LONDON, March 2 (Reuters) – Bancassurer Irish Life and
Permanent (IPM.I: Quote, Profile, Research) reported an operating loss of 197 million
euros ($272 million) for 2010, in line with 2009, after hikes in
provisions for mortgage losses offset a rise in profits in its
The results were broadly in line with expectations.
Irish Life, the only Irish lender to avoid a state bailout
after a slump in the country’s construction and property market,
said it believed it could continue to operate successfully
without recourse to government funding.
DUBLIN, March 1 (Reuters) – The interest rate Ireland is
paying on an 85-billion-euro EU/IMF bailout package is high but
there is scope for it to be lowered, Ireland’s central bank
governor, Patrick Honohan, said on Tuesday.
The governor hinted other parts of the package could also
be renegotiated but said default by Ireland on its loans was
not an option that was “attractive to any part of Irish
LONDON (Reuters) – Britons will have an official happiness measure from next year.
The Office of National Statistics (ONS) will soon begin asking new questions in its regular household survey to establish how satisfied people are with their lives — the latest step in an international move towards assessing national well-being using data outside traditional economic measures.
The boards of British big business are a closed shop. Though women make up 46 percent of the UK’s economically active population — and do as well as, if not better than, their male counterparts throughout school, higher education, and into middle management, just 12.5 percent of FTSE 100 boards are made up of women.
Today, a government-commissioned review panel (led by a man, former trade minister Mervyn Davies) published its recommendations for tackling the problem. Central to the proposals is the recommendation that FTSE 100 companies aim to have women make up 25 percent of their boards by 2015. It eschewed recommending company quotas enforced by government legislation, as has happened in countries like Norway, saying that the majority of women it surveyed did not favour them. Business groups also object to quotas, arguing they risk a situation where the best person for the job might not get it. This is despite the fact, as the authors of Davies report argued, that there are plenty of well-qualified women for these positions who are simply overlooked because of an opaque, old-boys’ network attitude to recruitment.
LONDON (Reuters) – FTSE 100 companies should aim to have a minimum of 25 percent of women on their boards by 2015, a government-commissioned review recommended on Thursday, but it did not advocate enforceable quotas.
“We do need radical change in the boardrooms of Britain,” former trade minister Mervyn Davies told a press conference.
LONDON (Reuters) – More voters support the introduction of a new voting system than oppose it, the first Reuters/Ipsos MORI poll on the alternative vote shows.
The poll, published on Thursday, shows a third of Britons feel they have been affected by public spending cuts and three-quarters believe they will be in the year to come as the government rolls back the state to save money.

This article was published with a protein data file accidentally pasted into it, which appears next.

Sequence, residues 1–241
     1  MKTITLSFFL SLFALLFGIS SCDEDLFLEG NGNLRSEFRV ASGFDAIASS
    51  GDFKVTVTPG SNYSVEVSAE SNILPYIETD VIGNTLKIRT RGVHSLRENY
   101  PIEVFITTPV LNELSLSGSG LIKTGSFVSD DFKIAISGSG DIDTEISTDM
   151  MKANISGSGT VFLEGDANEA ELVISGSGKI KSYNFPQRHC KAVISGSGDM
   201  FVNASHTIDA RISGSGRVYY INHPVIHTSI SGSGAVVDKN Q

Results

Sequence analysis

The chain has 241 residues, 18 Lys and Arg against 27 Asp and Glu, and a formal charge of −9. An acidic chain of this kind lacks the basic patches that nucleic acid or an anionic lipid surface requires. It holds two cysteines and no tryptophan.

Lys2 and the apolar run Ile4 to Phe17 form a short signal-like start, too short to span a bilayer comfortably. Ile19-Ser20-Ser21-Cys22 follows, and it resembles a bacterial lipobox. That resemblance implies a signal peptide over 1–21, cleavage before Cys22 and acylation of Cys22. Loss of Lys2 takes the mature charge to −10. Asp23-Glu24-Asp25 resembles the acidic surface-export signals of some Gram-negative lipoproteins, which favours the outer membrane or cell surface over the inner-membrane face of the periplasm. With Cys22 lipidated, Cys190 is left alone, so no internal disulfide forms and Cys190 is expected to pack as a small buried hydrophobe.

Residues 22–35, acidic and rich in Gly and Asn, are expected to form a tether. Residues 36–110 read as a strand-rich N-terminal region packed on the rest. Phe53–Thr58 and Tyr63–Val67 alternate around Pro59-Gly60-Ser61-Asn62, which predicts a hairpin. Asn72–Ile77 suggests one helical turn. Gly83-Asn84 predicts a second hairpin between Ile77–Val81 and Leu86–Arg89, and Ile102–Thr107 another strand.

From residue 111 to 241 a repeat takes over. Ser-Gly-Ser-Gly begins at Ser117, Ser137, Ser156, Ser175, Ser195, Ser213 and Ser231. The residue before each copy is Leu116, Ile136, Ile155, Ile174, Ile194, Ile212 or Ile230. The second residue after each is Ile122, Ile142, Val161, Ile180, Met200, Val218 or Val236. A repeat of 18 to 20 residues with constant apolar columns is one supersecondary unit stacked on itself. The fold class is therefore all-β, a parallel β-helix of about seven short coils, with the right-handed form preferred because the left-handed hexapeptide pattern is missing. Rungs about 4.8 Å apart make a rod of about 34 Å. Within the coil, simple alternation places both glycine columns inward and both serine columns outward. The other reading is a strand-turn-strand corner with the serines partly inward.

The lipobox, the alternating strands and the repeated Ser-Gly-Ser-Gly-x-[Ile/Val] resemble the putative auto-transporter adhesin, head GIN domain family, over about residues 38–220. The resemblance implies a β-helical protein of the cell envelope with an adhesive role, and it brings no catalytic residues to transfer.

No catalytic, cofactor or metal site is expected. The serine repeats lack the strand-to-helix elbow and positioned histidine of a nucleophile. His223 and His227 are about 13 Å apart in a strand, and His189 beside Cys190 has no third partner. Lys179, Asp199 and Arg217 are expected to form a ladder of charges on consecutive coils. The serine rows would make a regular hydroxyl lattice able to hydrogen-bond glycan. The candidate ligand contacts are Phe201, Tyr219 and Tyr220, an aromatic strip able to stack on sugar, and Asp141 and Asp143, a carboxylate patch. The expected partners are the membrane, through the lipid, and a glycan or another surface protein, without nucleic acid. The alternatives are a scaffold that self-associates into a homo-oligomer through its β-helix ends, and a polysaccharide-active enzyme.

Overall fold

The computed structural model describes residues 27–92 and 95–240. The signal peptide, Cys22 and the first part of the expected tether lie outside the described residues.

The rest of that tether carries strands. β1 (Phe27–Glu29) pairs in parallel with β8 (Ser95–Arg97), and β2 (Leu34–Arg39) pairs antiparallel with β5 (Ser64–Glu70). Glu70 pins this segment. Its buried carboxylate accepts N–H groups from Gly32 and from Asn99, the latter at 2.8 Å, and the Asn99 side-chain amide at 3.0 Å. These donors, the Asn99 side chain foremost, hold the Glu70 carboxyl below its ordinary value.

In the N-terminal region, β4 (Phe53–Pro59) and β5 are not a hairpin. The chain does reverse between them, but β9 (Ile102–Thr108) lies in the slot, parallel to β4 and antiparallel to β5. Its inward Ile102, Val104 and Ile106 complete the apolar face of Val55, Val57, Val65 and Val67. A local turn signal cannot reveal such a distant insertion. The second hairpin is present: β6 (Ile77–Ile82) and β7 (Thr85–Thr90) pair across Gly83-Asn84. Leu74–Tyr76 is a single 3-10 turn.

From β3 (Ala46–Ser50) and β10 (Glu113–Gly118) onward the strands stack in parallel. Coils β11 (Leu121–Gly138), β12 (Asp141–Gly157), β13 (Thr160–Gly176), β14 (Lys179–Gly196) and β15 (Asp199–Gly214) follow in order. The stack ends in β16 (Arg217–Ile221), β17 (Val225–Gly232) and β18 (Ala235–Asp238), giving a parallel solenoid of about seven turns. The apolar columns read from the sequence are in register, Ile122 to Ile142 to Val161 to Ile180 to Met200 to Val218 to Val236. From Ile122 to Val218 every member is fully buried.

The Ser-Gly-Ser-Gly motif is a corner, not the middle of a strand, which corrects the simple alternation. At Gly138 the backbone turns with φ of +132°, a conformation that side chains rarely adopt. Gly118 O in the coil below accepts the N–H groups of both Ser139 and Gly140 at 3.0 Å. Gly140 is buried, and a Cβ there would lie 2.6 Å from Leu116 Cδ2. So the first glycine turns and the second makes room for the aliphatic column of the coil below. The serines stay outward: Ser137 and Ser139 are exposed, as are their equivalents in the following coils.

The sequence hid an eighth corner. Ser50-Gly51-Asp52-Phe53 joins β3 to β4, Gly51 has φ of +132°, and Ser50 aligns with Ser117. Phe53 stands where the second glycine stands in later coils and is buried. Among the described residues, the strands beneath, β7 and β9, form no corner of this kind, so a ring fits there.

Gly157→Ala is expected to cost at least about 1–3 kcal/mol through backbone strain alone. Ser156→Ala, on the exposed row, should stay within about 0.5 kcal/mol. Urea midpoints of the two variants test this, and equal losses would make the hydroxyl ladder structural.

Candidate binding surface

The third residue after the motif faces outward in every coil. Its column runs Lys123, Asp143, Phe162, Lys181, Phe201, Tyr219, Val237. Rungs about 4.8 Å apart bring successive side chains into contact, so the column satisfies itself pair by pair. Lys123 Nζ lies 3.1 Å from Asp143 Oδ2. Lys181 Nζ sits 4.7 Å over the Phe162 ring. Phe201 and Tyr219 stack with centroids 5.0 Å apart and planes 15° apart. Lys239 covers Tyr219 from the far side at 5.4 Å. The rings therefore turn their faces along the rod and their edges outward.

The previous UK government loved reviews and inquiries – and the new one is little different. From corporate governance, to pensions, to the structure of banks, those in Westminster relish a report, preferably one packed full of important-sounding recommendations but which compel no one to do anything. That’s because, very often, the problem being tackled is not one that can be easily or neatly solved with legislation or a slap on the wrist.
The government’s review into female representation on the boards of big business is a case in point. The panel, led by former trade minister Mervyn Davies, met on Monday to discuss final recommendations for increasing the number of female board directors, with quotas mooted as one option. Its report is due out soon. But quotas are highly unlikely – for the simple reason that business does not like them.
Poker, chess, chicken. Pick whichever analogy you like: there’s a high stakes game being played in Irish politics and it’s not a game their international partners much like. Since Ireland said on Sunday it would be asking for help from the EU and IMF – little more than two days ago, though it seems like a lifetime — the pieces of the political game have moved almost without cease. Ironically, though, the net result may be little different to what was forecast before the tumultuous events of the past 48 hours: a four-year austerity plan outlining 15 billion euros in savings, a by-election Fianna Fail are set to lose, the harshest budget on record on December 7, and an election in early 2011.
It started with the government’s bailout appeal. What should have led to a few weeks of EU/IMF negotiations was immediately overshadowed by the surprise move of the junior coalition party, the Greens, who stunned voters – and, it appears, their partners Fianna Fail themself, itself, when it announced it would not continue to be part of the government once 2011 budget measures were implemented.
DUBLIN (Reuters) – Victims of an economic train wreck, the Irish people are now suffering political whiplash too.
The humiliating weekend news that the former Celtic tiger economy was seeking a rescue package from the European Union and International Monetary Fund was followed on Monday by the unraveling of the government coalition as the junior partner, the Greens, called for a January election.
DUBLIN, Nov 23 (Reuters) – Irish opposition party Sinn Fein
submitted a motion of no confidence in damaged Prime Minister
Brian Cowen on Tuesday, a day after he ruled out a snap election
and refused to quit.
Pressure has grown on Cowen’s government over its handling
of the economic crisis and came to a head on Monday after junior
coalition partners said they would only support the government
until the 2011 budget was put into law early next year.